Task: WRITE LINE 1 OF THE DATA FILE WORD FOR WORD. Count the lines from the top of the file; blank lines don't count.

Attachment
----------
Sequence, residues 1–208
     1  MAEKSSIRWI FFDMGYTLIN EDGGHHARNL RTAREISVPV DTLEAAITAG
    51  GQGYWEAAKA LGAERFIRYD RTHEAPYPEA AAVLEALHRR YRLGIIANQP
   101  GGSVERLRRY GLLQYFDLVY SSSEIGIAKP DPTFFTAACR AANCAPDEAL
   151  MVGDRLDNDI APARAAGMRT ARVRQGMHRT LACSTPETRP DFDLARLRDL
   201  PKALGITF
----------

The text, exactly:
Sequence, residues 1–208